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Korea signs FTA with Central America

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Korea Times | 21 February 18

Korea signs FTA with Central America

By Yoon Ja-young

Korea has completed a free trade agreement (FTA) with five countries in Central America, lowering tariffs on over 95 percent of goods.

Trade Minister Kim Hyun-chong and ministers from Costa Rica, El Salvador, Honduras, Nicaragua and Panama signed the Korea-Central America FTA in Seoul, Wednesday, after two years and eight months of negotiations.

"It will be an opportunity for Korea and Central America to reach a more comprehensive strategic partnership," Kim said.

As Korea is the first Asian country to sign an FTA with all five of those Central American countries, it is expected to get the upper hand in the market. China signed a bilateral trade pact with Costa Rica in August 2011, but there have been no other FTAs signed between Asian and Central American countries since then.

It is also meaningful since concern over protectionism in trade is rising following the inauguration of the U.S. Trump administration. Since Korea has FTAs with South American countries Chile, Peru and Colombia the pact with Central America will help it form a network of FTAs, linking North America and South America.

"The Korea-Central America FTA will give a new momentum in exports to the United States, opening up a third route for Korean businesses to reach the North American market," the trade ministry noted in a media release.

According to an analysis by the Korea Institute for International Economic Policy, the deal is expected to increase real gross domestic product (GDP) by 0.02 percent and create $690 million in consumer benefits. It will also create 2,534 jobs.

It will especially increase exports of automobiles and steel, leading to a $580 million improvement in trade accounts and a 2.57 trillion won increase in production over the next 15 years. Korea’s exports to the five countries totaled $2.2 billion last year, while imports stood at $333 million. Korea’s investment in Central America was $106 million last year.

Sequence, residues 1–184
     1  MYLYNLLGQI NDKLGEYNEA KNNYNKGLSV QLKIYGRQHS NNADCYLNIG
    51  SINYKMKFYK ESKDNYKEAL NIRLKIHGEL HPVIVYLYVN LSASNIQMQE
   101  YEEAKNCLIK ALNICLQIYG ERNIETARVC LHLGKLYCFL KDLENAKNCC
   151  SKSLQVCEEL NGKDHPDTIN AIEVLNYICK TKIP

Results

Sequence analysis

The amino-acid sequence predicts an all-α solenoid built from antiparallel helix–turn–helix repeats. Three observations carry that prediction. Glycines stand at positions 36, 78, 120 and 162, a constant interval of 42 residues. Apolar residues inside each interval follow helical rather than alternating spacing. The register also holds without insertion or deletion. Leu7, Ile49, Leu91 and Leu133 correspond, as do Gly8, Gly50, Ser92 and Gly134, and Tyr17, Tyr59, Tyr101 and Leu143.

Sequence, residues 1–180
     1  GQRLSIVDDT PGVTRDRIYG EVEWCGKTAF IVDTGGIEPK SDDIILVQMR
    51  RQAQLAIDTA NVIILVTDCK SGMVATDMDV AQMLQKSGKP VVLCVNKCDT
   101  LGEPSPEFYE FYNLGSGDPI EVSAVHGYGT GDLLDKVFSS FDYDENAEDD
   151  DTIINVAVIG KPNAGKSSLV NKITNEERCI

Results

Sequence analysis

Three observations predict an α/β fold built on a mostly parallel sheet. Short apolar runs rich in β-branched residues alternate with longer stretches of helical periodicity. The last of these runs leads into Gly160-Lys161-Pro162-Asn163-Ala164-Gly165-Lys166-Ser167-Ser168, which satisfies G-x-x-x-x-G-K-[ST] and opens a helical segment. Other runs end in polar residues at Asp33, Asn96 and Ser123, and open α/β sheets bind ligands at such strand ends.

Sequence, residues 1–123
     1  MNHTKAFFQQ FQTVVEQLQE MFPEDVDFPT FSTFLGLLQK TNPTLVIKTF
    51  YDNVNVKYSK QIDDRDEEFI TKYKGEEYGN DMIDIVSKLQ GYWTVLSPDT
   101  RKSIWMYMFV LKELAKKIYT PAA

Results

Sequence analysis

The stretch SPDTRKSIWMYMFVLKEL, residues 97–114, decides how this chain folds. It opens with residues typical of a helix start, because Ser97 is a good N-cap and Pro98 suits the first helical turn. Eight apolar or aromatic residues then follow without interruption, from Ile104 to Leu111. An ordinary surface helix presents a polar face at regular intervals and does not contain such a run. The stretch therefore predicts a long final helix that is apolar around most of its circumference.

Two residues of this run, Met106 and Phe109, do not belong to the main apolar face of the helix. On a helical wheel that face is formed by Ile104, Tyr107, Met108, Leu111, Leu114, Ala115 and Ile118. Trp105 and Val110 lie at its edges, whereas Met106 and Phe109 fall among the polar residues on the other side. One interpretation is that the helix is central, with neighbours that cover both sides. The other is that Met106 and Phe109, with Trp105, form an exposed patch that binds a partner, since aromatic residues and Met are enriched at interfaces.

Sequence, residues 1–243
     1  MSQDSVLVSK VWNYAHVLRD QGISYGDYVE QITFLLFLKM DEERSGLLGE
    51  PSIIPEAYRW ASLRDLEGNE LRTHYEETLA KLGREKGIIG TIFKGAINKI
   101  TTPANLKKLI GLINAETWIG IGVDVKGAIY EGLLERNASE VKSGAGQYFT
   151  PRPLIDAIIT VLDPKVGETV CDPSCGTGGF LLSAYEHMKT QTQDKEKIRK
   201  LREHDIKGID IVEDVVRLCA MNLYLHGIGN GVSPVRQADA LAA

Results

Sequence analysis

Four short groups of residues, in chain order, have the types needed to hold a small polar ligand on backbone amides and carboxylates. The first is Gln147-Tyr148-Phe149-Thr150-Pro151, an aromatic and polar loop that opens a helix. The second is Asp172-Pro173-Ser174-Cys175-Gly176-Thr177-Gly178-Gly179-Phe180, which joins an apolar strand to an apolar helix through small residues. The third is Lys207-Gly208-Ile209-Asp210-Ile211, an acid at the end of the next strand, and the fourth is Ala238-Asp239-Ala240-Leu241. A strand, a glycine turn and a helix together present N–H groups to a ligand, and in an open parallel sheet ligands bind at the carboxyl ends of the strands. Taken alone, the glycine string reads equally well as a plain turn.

The Central American countries will increase exports of items such as tropical fruits, coffee and sugar, and Korean consumers will benefit from lower prices. Exports of rice, pepper, garlic and onion, meanwhile, were not subject to tariff cuts, minimizing the damage to Korean farmers.

As all of the five Central American countries will scrap tariffs on over 95 percent of goods, small- and medium-sized firms will also see exports increase in cosmetics, medicines, textiles and automobile components.

The pact lowered down barriers in the services market. Investors will also enjoy stronger protection, with adoption of the investor-state dispute settlement (ISDS) system and a guarantee of free remittances by investors.

With the popularity of Korean culture rising in the region, the Korea-Central America FTA bolstered protection of intellectual property rights.

The agreement is expected to take effect in the first half of this year, following approval at the National Assembly.

The official version of the Korea-Central America FTA is available at the ministry’s FTA Website,

 source: Korea Times